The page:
Monday, June 13, 2011

Reading Notes (Montano’s Malady)

Stray hints of intent. Needing a place for “reading notes”—the kind of things I formerly accumulated on paper scraps and index cards (inevitably lost). Whatever moves one to jot it down, or type it up. Presenting an argument unargued, of sorts. (A trial run.)

Enrique Vila-Matas, Montano’s Malady (New Directions, 2007)

“. . . what Gombrowicz feared most was Sincerity, he knew that Sincerity in literature led nowhere: ‘Has there ever been a diary that was sincere? The sincere diary is without a doubt the most fallacious, because frankness is not of this world. And also—sincerity, what a bore! It isn’t even faintly fascinating.’”

Jean Echenoz’s pointer re: narratological means (abrupt-style): “A bird goes by . . . I follow it. This enables me to go wherever I like in the narrative.”

The end of Cesare Pavese’s journal: “Suicides are timid murderers . . . All this is sickening. Not words. An act. I won’t write any more.”

Writing as sleepwalking. Shakespeare’s Lady MacBeth as writer, suffering a writerly spell (akin to Spicer’s radio receiving Martian transmits): “A great perturbation in nature,—to receive at once the benefit of sleep, and do the effects of watching.”

Enrique Vila-Matas’s Robert Musil saying: “Let us not just hand ourselves to the age as it covets us.” Argument against all that baseless “it’s a fragmented age” mimickry. Though, too, quoting Musil’s “Our whole being is just a delirium of many.” See Vila-Matas’s:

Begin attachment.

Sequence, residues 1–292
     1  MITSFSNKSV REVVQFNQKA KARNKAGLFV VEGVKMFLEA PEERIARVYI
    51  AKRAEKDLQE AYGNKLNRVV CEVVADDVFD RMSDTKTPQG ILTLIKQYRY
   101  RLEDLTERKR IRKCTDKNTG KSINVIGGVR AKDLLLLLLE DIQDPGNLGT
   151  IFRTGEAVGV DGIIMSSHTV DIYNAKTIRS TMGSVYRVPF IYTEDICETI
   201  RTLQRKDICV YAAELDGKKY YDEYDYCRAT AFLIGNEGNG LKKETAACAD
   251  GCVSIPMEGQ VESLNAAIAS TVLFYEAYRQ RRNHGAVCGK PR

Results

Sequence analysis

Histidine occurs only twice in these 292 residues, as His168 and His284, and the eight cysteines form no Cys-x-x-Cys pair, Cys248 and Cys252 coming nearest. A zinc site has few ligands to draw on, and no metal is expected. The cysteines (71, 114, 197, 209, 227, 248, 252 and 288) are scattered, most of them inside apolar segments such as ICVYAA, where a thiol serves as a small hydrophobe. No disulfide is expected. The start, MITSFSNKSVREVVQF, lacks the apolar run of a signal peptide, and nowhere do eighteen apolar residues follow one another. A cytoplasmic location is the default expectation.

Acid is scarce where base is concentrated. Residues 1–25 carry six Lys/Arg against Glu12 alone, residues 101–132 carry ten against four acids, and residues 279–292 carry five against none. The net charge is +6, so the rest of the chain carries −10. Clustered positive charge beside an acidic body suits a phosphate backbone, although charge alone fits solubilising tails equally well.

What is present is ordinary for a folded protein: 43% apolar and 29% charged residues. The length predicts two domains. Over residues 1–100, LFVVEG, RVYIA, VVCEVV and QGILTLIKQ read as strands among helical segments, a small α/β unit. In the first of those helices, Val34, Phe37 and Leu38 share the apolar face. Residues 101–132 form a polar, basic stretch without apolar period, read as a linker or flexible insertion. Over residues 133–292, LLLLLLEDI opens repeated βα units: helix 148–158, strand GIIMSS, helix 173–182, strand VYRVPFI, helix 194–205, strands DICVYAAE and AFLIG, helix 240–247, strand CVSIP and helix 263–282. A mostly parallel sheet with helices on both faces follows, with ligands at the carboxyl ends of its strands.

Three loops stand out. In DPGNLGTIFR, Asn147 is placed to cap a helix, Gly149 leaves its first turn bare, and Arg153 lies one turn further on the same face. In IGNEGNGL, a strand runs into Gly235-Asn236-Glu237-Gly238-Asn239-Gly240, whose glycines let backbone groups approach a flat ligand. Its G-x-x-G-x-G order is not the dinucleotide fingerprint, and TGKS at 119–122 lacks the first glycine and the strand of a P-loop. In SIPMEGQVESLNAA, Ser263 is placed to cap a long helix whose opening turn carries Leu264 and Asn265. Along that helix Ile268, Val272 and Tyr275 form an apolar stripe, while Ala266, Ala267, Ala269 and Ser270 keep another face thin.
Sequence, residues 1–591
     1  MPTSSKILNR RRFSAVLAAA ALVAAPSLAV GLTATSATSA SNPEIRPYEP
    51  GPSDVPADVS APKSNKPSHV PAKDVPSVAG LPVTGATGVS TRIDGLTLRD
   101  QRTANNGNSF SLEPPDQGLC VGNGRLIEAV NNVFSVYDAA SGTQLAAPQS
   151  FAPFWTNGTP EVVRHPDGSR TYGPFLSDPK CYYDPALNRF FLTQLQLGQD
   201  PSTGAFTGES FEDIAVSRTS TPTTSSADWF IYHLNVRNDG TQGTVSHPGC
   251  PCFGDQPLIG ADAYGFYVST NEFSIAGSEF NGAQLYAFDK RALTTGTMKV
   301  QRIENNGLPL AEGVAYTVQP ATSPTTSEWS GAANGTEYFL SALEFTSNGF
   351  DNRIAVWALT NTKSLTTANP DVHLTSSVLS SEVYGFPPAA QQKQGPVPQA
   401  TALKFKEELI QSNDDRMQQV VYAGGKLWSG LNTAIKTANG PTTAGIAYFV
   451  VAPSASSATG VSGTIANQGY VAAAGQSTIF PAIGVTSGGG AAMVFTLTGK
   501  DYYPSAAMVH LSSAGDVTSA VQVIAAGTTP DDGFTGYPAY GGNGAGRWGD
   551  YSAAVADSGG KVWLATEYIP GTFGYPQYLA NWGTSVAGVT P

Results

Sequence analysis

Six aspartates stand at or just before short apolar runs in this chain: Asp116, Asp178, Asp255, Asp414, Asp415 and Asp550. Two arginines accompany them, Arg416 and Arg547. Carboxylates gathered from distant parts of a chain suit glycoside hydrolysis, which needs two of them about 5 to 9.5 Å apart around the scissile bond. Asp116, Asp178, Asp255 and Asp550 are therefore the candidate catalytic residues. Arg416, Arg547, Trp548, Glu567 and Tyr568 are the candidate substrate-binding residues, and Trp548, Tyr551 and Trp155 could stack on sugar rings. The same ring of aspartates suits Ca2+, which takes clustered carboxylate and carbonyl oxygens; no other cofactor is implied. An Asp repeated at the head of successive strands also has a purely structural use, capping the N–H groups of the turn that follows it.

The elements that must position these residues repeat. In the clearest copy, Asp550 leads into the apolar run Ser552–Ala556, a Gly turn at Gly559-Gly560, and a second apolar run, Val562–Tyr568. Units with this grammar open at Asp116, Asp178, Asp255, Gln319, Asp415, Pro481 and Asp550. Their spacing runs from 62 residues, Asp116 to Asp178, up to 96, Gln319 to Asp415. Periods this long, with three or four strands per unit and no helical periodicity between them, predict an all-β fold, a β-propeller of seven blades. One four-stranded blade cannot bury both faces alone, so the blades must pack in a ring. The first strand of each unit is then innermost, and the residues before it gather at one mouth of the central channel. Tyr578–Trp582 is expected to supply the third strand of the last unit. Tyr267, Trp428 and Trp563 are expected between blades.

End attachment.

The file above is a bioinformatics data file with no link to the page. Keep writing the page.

There were two odysseys, the classic one, a conservative epic going from Homer to James Joyce, in which the individual returned home with an identity, despite all the difficulties, reaffirmed by the journey across the world, and also by the obstacles encountered along the way . . . The other odyssey was that of Musil’s man without qualities, who, unlike Ulysses, moved in an odyssey without return, in which the individual hurried forward, never returning home, continually advancing and getting lost, changing his identity instead of reaffirming it, dissolving it in what Musil called “a delirium of many.”

Whitmanesquerie of Enrique Vila-Matas’s version of lines out of the diary of Valéry Larbaud’s A. O. Barnabooth: “En publiant ce livre, je m’en débarrasse. Le jour où il paraîtra sera le jour où je cesserai d’être auteur. Et je le renie tout entier: il s’achève et je commence. Ne m’y cherchez pas; je suis ailleurs; je suis à Campamento . . .” Vila-Matas: “It is over, I begin. Do not seek me in its pages, I’m somewhere else, I’m in Campamento, in South America.”